My students know that if you graph the function $f(x)=A\sin (Bx+C)$ you will produce a sinusoidal wave with amplitude $A$, period length $2\pi\div B$, and a phase shift (left/right translation) of $B/C$. Using that information, they must find parameters $A, B, \text{ and } C$ to exactly match the function below. $$y=\sin x + \cos x$$ The observant student may see that $1.414\approx \sqrt 2$ and produce the correct result $y=\sqrt 2\sin(x+\frac{\pi}{4}.$ Then students try the same approach for this next function. $$y=\sin x + 2\cos x$$ Again, an observant student may see that $2.236\approx \sqrt 5$ and produce $y=\sqrt 5\sin(x+1.107).$ However, if students graph the two functions and zoom in to the tenthousandths scale, they see that the two graphs are very close but do not agree exactly. It seems that in using the number $1.107$ in our function, we have approximated to correct result but have overlooked some essential numerical relationship. We don't know where the $1.107$ came from or have an exact formula for it. Students may find it deeply unsettling to not know more about this number. When they tell me this, I tell them they have good instincts and that they should keep up the good work.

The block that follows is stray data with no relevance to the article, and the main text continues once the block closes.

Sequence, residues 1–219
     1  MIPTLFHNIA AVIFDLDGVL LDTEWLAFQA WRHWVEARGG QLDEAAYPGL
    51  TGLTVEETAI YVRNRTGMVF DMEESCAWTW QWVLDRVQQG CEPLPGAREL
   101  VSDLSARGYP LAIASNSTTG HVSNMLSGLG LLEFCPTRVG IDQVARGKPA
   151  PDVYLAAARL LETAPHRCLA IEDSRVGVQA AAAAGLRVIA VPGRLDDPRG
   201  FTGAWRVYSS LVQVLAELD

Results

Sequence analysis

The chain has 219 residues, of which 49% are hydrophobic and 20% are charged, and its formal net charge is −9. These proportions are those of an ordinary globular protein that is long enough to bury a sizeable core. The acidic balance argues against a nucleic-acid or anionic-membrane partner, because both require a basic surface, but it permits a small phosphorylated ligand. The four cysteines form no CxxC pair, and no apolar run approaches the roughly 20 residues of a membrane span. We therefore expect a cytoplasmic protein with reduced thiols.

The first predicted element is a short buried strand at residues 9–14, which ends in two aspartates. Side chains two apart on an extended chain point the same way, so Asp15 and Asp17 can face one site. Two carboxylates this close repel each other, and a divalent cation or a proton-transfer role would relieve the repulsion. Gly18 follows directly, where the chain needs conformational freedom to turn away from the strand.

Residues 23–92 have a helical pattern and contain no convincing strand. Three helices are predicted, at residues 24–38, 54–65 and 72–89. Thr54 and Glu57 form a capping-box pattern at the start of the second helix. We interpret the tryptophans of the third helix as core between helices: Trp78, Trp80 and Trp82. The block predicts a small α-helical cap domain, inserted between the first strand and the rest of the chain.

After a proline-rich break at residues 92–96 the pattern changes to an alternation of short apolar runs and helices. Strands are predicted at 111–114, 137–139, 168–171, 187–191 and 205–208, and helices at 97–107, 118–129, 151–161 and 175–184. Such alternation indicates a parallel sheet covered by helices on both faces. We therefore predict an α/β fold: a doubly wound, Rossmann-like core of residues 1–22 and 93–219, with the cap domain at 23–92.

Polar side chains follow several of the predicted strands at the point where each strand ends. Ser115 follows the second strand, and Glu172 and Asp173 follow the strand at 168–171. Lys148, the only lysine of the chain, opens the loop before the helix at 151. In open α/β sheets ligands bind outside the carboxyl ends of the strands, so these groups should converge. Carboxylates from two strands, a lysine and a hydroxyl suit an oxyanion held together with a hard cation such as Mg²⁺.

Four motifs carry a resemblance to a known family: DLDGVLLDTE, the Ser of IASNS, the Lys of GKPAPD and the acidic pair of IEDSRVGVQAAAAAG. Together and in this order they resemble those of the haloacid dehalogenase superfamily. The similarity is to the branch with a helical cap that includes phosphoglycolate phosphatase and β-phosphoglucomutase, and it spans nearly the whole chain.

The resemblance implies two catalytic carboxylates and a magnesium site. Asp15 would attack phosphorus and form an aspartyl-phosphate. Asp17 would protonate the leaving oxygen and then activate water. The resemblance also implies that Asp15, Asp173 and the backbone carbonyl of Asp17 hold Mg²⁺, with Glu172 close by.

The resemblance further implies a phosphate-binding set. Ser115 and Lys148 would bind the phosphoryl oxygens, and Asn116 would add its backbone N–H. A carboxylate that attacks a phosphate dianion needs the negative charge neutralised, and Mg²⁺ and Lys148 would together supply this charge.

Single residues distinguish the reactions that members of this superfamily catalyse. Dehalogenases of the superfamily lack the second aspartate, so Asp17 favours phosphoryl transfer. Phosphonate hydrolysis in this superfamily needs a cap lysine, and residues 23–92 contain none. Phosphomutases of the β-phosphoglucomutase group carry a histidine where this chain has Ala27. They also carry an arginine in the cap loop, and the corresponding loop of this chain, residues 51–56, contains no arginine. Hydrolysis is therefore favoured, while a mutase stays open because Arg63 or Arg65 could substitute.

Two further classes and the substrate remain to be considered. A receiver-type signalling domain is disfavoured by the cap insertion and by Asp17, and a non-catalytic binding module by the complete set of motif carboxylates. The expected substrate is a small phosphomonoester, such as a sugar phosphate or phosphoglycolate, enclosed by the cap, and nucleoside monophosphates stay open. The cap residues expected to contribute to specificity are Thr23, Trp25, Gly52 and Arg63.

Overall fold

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About Me
I started this blog to share my transformation from math nerd to math nerd who loves to share math with young people. I teach high school in Philadelphia, Pennsylvania. Your comments are always welcome. Archives
September 2017